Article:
Advocacy E-News May 18, 2019

May 18, 2019


Whistleblower says NJ violated civil rights of psychiatric patients with disabilities

A whistleblower lawsuit claims New Jerseyans with intellectual or developmental disabilities were inappropriately diagnosed with mental illnesses, given psychotropic drugs and forced to stay in state psychiatric hospitals long after they were deemed stable enough to return to the community.

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Cory Booker lays out plan to reduce gun suicides

New Jersey Sen. and Democratic presidential hopeful Cory Booker has laid out his plan to reduce gun suicides, which includes a federal gun licensing program, his latest proposal to combat firearms violence. Booker’s plan encourages relatives of at-risk residents to take away their guns, and it calls for public support for counseling.

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Senior Living Providers See Opportunity to Expand Behavioral Health Services

The Centers for Medicare & Medicaid Services (CMS) last year added behavioral health as a billable code to its Chronic Care Management (CCM) program. The program is meant to improve health outcomes and drive down the cost of care for people living with multiple chronic conditions, including behavioral health conditions. CMS also has the Psychiatric Collaborative Care Model (CoCM), which enhances primary care in two ways: care management support for people receiving behavioral health treatment and adding to the primary care team regular psychiatric interspecialty consultation.

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Bill to Protect Privacy of Mental Health Patients Approved by Assembly Panel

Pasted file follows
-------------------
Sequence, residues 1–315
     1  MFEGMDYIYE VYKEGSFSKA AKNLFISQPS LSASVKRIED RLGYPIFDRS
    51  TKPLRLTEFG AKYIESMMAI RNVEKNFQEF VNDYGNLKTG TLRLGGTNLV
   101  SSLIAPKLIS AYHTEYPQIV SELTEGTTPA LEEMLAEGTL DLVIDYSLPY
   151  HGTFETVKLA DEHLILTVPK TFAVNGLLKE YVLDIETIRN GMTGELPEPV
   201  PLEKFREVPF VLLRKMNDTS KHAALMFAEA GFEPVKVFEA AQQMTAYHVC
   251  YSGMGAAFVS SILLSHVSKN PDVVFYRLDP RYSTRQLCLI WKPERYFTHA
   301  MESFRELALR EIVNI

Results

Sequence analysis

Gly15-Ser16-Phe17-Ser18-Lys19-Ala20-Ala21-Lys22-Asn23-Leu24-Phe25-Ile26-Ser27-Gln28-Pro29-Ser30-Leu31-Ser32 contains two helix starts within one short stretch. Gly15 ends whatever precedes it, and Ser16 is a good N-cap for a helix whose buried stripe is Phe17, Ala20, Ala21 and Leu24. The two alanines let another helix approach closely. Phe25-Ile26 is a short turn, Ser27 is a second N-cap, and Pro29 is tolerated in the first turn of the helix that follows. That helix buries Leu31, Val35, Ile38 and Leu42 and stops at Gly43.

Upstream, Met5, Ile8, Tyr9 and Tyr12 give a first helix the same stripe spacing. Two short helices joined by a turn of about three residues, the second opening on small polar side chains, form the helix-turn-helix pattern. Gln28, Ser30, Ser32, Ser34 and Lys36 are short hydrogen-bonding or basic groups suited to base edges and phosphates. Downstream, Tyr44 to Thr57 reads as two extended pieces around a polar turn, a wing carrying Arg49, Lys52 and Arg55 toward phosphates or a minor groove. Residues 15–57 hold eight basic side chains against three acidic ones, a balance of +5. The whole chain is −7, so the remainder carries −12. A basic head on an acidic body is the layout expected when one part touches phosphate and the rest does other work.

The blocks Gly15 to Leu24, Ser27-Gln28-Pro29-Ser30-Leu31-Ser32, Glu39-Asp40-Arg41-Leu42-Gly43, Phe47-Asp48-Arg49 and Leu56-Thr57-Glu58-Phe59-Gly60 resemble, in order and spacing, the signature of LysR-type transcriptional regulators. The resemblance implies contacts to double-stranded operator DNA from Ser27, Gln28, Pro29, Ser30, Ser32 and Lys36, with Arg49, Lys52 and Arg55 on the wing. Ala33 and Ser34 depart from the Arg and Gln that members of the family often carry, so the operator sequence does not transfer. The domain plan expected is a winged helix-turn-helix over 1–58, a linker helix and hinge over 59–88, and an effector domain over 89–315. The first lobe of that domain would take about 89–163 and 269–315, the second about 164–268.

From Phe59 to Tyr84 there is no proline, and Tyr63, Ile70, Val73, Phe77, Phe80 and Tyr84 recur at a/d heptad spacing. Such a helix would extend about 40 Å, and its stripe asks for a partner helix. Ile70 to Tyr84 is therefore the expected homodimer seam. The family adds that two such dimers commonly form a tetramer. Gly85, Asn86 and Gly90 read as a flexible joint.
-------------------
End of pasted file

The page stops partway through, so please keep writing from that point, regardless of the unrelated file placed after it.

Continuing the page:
Under federal law, insurance companies are only entitled to access the minimum necessary information to process a claim; however, insurers have been known to inappropriately request private information to process claims for mental health care. Legislation (A-3955) that would directly address this problem by prohibiting mental health care professionals from disclosing certain patient information to an insurance carrier was approved Thursday by the Assembly Human Services Committee.

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Senator Vin Gopal today called for New Jersey to explore ways to assist health care providers who may struggle to retain and recruit staff following increases in the state minimum wage. Senator Gopal’s concerns follow recent testimony by Department of Human Services Commissioner Carole Johnson regarding the potential impact of New Jersey’s new minimum wage law on providers who offer mental health, disability support services, long-term nursing home and home health care for low-income residents.

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